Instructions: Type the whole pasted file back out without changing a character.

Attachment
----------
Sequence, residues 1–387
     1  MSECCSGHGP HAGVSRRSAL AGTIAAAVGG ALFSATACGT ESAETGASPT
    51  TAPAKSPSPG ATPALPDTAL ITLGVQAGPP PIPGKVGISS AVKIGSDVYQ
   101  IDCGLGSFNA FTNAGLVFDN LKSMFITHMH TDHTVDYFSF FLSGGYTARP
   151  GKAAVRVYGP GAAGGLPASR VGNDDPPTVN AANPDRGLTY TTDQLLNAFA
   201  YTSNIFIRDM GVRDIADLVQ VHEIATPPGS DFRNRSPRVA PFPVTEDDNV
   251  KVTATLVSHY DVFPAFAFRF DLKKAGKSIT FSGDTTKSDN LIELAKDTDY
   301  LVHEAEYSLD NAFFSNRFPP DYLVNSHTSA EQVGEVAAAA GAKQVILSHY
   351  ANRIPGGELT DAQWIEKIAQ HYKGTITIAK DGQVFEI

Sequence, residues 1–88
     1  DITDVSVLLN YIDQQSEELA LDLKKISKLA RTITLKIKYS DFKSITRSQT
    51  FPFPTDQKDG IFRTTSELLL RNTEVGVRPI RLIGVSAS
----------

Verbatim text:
Sequence, residues 1–387
     1  MSECCSGHGP HAGVSRRSAL AGTIAAAVGG ALFSATACGT ESAETGASPT
    51  TAPAKSPSPG ATPALPDTAL ITLGVQAGPP PIPGKVGISS AVKIGSDVYQ
   101  IDCGLGSFNA FTNAGLVFDN LKSMFITHMH TDHTVDYFSF FLSGGYTARP
   151  GKAAVRVYGP GAAGGLPASR VGNDDPPTVN AANPDRGLTY TTDQLLNAFA
   201  YTSNIFIRDM GVRDIADLVQ VHEIATPPGS DFRNRSPRVA PFPVTEDDNV
   251  KVTATLVSHY DVFPAFAFRF DLKKAGKSIT FSGDTTKSDN LIELAKDTDY
   301  LVHEAEYSLD NAFFSNRFPP DYLVNSHTSA EQVGEVAAAA GAKQVILSHY
   351  ANRIPGGELT DAQWIEKIAQ HYKGTITIAK DGQVFEI

Sequence, residues 1–88
     1  DITDVSVLLN YIDQQSEELA LDLKKISKLA RTITLKIKYS DFKSITRSQT
    51  FPFPTDQKDG IFRTTSELLL RNTEVGVRPI RLIGVSAS